Perhaps no individuals have had as great an impact on the success of the PITA over the last 25 years as Dick and Elyse Stoner. They served in the Secretary’s position for over 15 years and their efforts were a large part of the reason the PITA was able to transform itself into an organization guided by an Executive Committee and become more responsive to membership wishes.
Along the way, the Stoners were also able to make the transition at the PITA office from an operation where everything was still done by hand to the use of computers for much of the work. This was no easy task with the equipment and knowledge available in the mid-1970’s. Both Dick and Elyse had to learn how to program and operate the equipment. Since they had been hired late in the shooting year, the first year on the job was especially difficult since they only had a short time to relocate the PITA records, supplies and equipment from Oregon to their home in Washington. At the same time, they had to maintain the records as information continued to flow in, figure averages, issue membership cards for the coming year, and gather and prepare the information necessary for the upcoming yearbook. All of these operations were still done by hand.
Dick and Elyse both gave up successful businesses and dedicated all of their efforts to PITA during the fifteen years they served the association. The office opened when they awoke each morning and closed when they retired at night, seven days a week. When they were able to get away from the office, arrangements were made for someone to answer phone calls. Things important to shooters (yardage reductions, questions, and information) were taken care of quickly either by phone, mail or face-to-face at the many shoots the Stoners attended and worked for the PITA. They were both strong promoters and ambassadors for the association in everything they did and wherever they went.
Two major areas where their efforts improved the association immediately were the yearbook and the Grand Pacific. They rapidly changed the yearbook from a small, stapled set of pages of averages to a larger bound book with more pages, pictures and information for members. Elyse took on the job of designing, layout, collecting information and editing the yearbook. Major changes also took place with the covers and the yearbook became an eagerly anticipated event each year. Over time, the yearbook became a bigger and bigger job. Their first yearbook (#43 – 1976) was 166 pages and their last (#57 – 1990) was 316 pages.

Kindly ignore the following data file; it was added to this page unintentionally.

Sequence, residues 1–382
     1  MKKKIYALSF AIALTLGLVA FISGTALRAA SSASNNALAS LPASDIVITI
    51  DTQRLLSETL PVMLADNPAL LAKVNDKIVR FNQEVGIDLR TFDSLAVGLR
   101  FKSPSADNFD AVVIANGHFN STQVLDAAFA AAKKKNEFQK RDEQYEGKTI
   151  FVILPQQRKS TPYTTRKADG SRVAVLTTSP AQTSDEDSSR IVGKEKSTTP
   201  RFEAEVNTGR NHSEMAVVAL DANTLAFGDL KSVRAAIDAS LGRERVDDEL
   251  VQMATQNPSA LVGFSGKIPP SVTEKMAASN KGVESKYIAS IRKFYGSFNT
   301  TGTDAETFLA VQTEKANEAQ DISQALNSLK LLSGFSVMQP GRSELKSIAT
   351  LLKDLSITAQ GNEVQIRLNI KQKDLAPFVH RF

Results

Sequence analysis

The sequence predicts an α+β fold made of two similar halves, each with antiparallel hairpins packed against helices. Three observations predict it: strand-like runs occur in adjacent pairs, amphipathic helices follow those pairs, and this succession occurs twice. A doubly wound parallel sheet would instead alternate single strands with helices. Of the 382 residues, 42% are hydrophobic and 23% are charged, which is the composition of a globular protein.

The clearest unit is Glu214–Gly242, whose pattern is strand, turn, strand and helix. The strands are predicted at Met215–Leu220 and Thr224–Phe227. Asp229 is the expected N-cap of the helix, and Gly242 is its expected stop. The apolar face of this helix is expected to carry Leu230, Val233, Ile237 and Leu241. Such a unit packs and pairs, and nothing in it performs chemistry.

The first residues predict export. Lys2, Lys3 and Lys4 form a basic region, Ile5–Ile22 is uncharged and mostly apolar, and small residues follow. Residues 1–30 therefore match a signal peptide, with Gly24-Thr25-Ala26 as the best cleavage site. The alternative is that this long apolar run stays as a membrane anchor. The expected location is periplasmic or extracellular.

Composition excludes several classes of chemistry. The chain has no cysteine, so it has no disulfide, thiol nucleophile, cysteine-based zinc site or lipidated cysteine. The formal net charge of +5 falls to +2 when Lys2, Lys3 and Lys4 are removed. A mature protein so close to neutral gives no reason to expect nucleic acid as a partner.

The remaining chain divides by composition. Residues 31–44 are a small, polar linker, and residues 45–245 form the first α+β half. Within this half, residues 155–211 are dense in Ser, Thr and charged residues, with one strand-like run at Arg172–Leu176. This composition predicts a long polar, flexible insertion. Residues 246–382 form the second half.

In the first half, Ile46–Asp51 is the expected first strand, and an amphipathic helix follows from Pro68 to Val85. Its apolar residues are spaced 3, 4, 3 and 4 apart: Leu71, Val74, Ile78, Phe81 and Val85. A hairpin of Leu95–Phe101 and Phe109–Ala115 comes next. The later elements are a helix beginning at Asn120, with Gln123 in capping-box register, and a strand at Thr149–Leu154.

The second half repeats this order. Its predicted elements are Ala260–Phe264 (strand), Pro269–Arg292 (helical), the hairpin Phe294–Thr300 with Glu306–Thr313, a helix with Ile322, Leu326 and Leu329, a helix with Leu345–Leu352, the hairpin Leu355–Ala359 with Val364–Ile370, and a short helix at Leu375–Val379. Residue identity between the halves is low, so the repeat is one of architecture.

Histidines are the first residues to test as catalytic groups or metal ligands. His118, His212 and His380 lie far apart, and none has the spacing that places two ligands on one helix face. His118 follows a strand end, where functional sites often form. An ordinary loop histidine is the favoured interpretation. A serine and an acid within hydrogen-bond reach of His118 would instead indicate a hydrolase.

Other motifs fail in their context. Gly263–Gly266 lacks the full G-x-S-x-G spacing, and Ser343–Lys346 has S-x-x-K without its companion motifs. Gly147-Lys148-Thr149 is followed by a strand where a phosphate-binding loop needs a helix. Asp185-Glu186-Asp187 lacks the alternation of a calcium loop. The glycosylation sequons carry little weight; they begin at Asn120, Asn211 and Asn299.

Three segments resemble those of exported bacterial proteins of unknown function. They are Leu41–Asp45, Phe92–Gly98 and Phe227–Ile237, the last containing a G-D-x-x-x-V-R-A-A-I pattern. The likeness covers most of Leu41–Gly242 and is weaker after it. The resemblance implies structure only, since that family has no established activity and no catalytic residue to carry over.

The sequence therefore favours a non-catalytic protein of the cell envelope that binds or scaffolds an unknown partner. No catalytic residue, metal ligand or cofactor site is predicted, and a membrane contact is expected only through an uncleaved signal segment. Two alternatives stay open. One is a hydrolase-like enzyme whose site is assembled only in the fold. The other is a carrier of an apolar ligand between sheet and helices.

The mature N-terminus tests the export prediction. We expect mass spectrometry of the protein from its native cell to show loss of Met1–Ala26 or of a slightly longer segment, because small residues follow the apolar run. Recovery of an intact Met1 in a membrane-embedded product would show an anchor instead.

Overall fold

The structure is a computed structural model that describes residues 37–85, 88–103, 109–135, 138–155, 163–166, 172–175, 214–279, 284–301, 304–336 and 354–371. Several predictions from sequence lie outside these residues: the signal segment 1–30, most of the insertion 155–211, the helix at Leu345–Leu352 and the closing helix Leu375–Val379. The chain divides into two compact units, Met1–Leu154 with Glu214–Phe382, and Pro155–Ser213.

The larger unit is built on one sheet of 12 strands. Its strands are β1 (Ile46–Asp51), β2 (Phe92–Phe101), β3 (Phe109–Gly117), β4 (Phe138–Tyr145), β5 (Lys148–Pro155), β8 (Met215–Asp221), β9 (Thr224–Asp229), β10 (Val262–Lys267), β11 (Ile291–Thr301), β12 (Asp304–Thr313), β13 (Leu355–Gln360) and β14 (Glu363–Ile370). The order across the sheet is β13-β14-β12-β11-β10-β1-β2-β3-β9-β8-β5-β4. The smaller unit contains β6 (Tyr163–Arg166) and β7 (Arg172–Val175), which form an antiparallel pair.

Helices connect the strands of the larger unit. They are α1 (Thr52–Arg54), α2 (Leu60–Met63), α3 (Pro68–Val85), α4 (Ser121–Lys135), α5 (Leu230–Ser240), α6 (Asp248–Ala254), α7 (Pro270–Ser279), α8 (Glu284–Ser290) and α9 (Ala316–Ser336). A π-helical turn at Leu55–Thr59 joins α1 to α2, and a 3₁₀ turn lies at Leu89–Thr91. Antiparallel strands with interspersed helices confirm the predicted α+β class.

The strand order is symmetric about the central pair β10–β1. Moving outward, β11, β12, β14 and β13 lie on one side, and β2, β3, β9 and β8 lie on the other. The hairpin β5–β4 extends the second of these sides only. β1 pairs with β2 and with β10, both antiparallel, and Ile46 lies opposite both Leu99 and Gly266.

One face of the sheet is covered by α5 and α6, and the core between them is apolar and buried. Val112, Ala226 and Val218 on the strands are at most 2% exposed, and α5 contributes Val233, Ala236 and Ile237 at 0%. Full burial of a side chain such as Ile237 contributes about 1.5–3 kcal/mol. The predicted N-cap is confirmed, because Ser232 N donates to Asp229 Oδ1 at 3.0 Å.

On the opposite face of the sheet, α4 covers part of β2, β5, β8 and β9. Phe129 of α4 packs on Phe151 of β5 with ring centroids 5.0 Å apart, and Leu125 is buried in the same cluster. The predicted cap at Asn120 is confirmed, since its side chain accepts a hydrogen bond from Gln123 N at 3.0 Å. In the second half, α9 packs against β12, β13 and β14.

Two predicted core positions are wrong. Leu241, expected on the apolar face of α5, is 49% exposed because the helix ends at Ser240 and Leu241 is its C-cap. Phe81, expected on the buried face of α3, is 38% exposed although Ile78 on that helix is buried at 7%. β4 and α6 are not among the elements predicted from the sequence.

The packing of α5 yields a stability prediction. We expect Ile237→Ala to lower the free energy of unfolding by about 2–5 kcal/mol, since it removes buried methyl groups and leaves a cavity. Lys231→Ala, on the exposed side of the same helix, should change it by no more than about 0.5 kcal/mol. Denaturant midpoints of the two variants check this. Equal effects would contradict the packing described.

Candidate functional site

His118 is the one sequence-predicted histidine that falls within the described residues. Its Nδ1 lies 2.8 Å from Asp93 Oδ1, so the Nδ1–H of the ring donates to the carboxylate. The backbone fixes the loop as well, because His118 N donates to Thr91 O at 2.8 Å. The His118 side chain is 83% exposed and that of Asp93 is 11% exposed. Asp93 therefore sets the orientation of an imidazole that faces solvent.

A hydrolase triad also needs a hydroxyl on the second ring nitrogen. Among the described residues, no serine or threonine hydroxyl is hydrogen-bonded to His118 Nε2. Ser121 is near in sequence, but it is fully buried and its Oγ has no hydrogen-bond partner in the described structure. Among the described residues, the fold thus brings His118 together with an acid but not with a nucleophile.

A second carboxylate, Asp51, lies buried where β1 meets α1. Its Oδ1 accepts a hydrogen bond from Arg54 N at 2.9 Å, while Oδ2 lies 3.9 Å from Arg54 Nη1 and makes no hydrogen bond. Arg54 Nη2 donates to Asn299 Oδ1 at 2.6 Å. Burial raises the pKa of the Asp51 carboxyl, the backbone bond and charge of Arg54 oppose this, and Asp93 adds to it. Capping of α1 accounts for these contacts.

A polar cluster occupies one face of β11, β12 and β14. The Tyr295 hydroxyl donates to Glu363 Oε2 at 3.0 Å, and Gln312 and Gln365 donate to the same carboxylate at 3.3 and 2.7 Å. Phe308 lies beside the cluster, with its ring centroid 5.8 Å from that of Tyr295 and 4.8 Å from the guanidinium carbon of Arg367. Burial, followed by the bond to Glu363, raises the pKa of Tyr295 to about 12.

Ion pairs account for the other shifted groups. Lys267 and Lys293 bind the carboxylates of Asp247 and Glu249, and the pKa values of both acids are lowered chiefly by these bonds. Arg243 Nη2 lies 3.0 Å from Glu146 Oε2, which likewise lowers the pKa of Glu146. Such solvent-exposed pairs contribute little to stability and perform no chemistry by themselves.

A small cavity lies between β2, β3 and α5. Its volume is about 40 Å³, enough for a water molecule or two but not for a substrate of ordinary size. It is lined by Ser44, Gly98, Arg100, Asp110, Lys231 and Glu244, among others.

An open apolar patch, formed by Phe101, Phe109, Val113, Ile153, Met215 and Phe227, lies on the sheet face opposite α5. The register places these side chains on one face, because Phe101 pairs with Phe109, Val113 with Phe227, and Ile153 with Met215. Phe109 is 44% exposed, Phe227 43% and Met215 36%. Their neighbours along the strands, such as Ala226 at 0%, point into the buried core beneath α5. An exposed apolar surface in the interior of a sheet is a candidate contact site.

Dick did not shoot at the Grand Pacific while he was Secretary, involving himself in almost every part of the operation to ensure a smooth running shoot. He was always available for decisions, advice, or information and seemed to be everywhere. For many years, he was the “Face of the PITA” for hundred of shooters. Elyse purchased the trophies for the Grand Pacific, awarded them to the winners, and made sure each winner had their picture taken. She was also constantly taking pictures at the Grand Pacific and other shoots for the yearbook and her large “Down the Line” photo album, which she displayed each year at the Grand Pacific. It was a very popular feature and allowed many shooters to see what had occurred during the past shooting year. Dick and Elyse were proud to have served the PITA under ten different Presidents and the many other individuals who made up the Executive Committee during those years.
Both Dick and Elyse sacrificed much of their own shooting careers to the job. Even when they were able to shoot there were constant distractions. Dick took up registered shooting in 1949 and while a Senior at the University of Washington in 1953, captured the doubles, HAA and HOA championships at the Washington State Shoot. In 1965, he won the Washington Preliminary Handicap with a lone 98 and in 1976 he tied for the state handicap championship. Dick achieved the 200,000 milestone with the PITA while racking up good scores and wins from Canada throughout the West.
Elyse was a PITA All-Star for four consecutive years from 1964 through 1967. She was the Washington state ladies singles champion in 1965 and ladies handicap champion in 1967. She also won ladies trophies for both the preliminary and state handicap in 1968. She broke 100’s in singles and once fired 99 in doubles with a pump! At the Washington’s birthday shoot she captured the handicap championship in 1963. A shoulder injury ended her shooting day prematurely.
The Stoners have always been active in the promotion of trapshooting and the protection of gun owner rights. For many years before taking the PITA position they served at the club and state level in a variety of positions. They also conducted shooting clinics several times over the years and Dick was often an eloquent spokesman for gun rights at many meetings and hearings dealing with gun rules and legislation.
Dick and Elyse did not just “fade away” after their retirement from the Secretary position in 1991. They continued to travel, shoot, promote and help the PITA and have helped sponsor events at the Grand Pacific including the Second Amendment Handicap for several years. When the PITA encountered some problems in the mid-90’s, Dick served on the Executive Committee for three years as the Central Handicap Committee chairman. They have also made many donations over the years in support of state associations, individual clubs and the various shooting sports. The countless hours of record keeping, meetings, discussions, work running shoots and promotion of the PITA were a labor of love for Dick and Elyse. Their time as the PITA Secretary was one stop in a lifelong journey of supporting and promoting things they loved and believed in. Our sport and our association are greatly improved because of their efforts over the years.